How does sleep affect the brain?

Without sleep, you can't form or maintain the pathways in your brain that allow you to learn and create new memories, and it's harder to concentrate and respond quickly. Sleep is important for several brain functions, including how nerve cells (neurons) communicate with each other. This is how sleep affects the brain. During sleep, brain waves slow down and the body cools.

Secretions of melatonin, the hormone responsible for sleep, also increase. Meanwhile, neurotransmitters that promote wakefulness decrease and neurotransmitters that promote sleep take over, sending you to sleep stages where brain waves are reduced in frequency but increase in amplitude, or to non-REM sleep. This is followed by REM sleep, where brain waves increase in activity, accompanied by the rapid eye movements that give it its name. Bad sleep could affect the brain in another way.

Sleep-deprived mice develop more deposits of a protein called amyloid beta in the brain compared to mice that are allowed to sleep normally. In humans, beta-amyloid deposits in the brain are linked to decreased memory and thinking, and also increase the risk of dementia. We've all had late or sleepless nights, and most of us probably consider it completely harmless, even though we know from experience that losing sleep has dramatic effects on our mental abilities and well-being. Lack of sleep makes us moody and irritable, and impairs brain functions, such as memory and decision-making.

It also negatively affects the rest of the body: it impairs the functioning of the immune system, for example, making us more susceptible to infections. Subjects woke up four times during the night to solve anagram puzzles, twice during NREM sleep and twice during REM sleep. Exercise definitely helps, I've never met anyone who does physical work all day who has trouble falling asleep. Partial lack of sleep has also been found to affect your ability to concentrate and pay attention to detail.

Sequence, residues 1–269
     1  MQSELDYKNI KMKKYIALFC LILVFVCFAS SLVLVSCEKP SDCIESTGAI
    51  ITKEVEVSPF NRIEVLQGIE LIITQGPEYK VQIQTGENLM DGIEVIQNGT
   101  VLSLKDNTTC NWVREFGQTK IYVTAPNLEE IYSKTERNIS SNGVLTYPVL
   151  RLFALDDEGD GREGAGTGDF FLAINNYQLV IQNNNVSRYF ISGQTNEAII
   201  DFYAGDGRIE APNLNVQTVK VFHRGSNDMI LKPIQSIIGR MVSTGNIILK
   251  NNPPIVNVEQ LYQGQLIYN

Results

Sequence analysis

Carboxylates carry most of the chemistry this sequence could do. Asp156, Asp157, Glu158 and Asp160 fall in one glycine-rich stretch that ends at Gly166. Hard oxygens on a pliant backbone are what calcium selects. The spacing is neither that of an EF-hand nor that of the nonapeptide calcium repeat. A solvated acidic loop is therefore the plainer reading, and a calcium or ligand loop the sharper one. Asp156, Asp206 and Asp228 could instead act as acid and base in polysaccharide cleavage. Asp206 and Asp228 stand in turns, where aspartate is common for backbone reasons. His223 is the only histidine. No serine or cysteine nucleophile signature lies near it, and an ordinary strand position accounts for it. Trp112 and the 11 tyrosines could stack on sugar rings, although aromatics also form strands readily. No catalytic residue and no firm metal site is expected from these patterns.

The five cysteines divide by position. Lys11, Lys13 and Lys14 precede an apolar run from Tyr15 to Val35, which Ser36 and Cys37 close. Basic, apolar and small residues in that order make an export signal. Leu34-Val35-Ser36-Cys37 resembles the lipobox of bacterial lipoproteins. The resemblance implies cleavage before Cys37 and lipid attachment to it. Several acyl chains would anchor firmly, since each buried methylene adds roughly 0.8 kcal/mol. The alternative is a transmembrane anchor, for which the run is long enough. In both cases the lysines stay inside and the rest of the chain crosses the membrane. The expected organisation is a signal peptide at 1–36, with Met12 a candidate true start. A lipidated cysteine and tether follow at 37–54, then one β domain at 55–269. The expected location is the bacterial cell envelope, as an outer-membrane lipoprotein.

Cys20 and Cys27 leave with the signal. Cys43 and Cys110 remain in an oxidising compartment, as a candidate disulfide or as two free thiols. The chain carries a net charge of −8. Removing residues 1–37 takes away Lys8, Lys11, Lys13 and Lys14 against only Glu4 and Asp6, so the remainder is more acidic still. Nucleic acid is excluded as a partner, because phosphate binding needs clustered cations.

Brain cells need a lot of oxygen and sugar, so blood flow problems could affect their ability to function properly. Finally, lack of sleep or poor quality of sleep can also lead to an increased risk of infections and a weaker response to vaccines. He told Live Science that without good quality sleep, the brain and body are no longer able to operate at their optimal level. Researchers and doctors now agree that good sleep hygiene is a mainstay of the neuroprotective lifestyle, and there is compelling evidence that improving sleep can have enormous benefits for overall well-being.

So why is sleep so important for test scores? While the answer seems simple, that students simply perform better when they are not mentally or physically tired, the truth can be much more complicated and interesting. You don't have to fall asleep at the wheel to be a danger; sleepiness alone can be as dangerous as drunk driving. The space between brain cells expands significantly during sleep, making it easier to remove dirt through cerebrospinal fluid. Getting enough rest helps you process new information once you wake up, and sleeping after learning can consolidate this information into memories, allowing you to store it in your brain.

Everyone should strive to achieve the optimal amount of nighttime sleep, as too little or too much can have negative repercussions. .